- The Polish Ministry of Foreign Affairs said on its website that Poland "expresses its strong disapproval of the conference, which contradicts the idea of the International Day of Commemoration in Memory of the Victims of the Holocaust established by the UN General Assembly, and celebrated on 27 January...Any attempt at contesting this truth arouses serious concern in Poland, where 6 million people were victims of the Nazi genocide". The Ministry also consigned informational material from the Auschwitz-Birkenau State Museum to Iranian scholars, seeking to "deepen their knowledge" of the Holocaust.
- The Mexican government issued a rejection letter disapproving of the Conference and its results. In a statement on its website, the Foreign Secretary wrote, "The Government of Mexico, through the office of the Foreign Secretary, agrees with the international disapproval of the Iranian Conference on the Holocaust... and rejects all negation, either partial or total, of the Holocaust as historical fact". (translation)
- The Vatican condemned the conference.
- The Archbishop of Canterbury declared the conference a "disgrace", and called for the Holocaust to be memorialized in order to prevent its denial by future generations.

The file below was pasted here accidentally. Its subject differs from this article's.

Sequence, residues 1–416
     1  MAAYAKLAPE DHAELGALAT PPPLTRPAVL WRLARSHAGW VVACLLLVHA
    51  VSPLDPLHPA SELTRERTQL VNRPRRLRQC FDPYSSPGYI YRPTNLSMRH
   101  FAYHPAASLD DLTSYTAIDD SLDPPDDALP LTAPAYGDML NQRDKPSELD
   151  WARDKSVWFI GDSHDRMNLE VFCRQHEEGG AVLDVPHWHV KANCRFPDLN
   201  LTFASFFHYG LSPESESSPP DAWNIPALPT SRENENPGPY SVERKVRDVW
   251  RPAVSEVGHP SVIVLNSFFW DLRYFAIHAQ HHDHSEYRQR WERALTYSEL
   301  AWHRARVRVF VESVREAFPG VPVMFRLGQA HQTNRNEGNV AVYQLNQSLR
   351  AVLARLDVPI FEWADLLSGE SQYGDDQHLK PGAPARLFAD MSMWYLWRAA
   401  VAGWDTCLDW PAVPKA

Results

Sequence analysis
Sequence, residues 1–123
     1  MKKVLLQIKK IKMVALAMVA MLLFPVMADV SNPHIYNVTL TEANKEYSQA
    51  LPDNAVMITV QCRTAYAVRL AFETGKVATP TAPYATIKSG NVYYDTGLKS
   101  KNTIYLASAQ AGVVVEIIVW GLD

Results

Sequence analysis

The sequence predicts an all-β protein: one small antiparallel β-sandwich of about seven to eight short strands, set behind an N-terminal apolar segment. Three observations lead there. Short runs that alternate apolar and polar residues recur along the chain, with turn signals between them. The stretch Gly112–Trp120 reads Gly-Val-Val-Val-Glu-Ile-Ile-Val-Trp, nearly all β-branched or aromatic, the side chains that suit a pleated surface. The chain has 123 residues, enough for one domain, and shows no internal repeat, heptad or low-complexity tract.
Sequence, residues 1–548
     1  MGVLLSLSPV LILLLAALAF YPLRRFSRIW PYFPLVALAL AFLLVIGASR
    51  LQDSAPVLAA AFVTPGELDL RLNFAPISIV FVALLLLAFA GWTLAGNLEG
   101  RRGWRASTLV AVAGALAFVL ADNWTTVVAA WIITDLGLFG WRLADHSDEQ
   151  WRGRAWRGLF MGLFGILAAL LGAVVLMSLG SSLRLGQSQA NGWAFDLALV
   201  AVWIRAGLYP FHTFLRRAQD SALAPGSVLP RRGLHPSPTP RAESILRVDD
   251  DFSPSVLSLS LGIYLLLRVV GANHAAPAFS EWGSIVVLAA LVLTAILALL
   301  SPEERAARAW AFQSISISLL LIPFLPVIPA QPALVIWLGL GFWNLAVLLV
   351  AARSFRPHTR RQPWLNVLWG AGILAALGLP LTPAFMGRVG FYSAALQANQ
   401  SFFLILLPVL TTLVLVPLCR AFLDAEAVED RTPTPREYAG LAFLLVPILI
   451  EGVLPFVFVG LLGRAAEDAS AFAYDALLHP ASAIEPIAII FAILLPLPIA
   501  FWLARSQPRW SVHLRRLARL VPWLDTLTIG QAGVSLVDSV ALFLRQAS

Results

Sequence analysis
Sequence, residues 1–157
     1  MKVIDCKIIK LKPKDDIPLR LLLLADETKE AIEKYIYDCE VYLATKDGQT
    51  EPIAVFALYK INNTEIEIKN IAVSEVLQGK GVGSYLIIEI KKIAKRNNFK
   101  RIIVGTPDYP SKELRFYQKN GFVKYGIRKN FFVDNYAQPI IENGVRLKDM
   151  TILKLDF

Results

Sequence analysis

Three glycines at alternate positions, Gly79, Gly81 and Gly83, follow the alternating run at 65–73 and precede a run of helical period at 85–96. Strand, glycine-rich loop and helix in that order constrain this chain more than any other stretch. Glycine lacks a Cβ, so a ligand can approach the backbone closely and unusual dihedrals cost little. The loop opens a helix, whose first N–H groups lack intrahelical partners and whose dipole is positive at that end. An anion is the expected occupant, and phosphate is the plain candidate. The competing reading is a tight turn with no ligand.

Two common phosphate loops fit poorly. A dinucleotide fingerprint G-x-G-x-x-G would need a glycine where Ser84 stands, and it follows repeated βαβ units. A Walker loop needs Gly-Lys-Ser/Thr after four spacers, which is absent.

Thirty four of the world’s leading policy institutes released a statement on 15 December
that they would break off all relations with Iran's Institute for Political and International Studies
. Signatories included the directors of the International Institute for Strategic Studies
; the Aspen Institute
; the German Marshall Fund
; the Geneva Centre for Security Policy; the Center for International Studies and Research in Paris
; the United States Studies Centre in Sydney
; and the Center for International Relations in Warsaw
Ayaan Hirsi Ali called on Western leaders to wake up to the reality of the situation. She stated "For the majority of Muslims in the world the Holocaust is not a major historical event they deny; they simply do not know because they were never informed. Worse, most of us are groomed to wish for a Holocaust of Jews." She describes how she never learned anything about the Holocaust while she was studying in Saudi Arabia and Kenya. She called for action from charities: "Western and Christian charities in the third world should take it upon themselves to inform Muslims and non- Muslims alike, in the areas where they are active, about the Holocaust."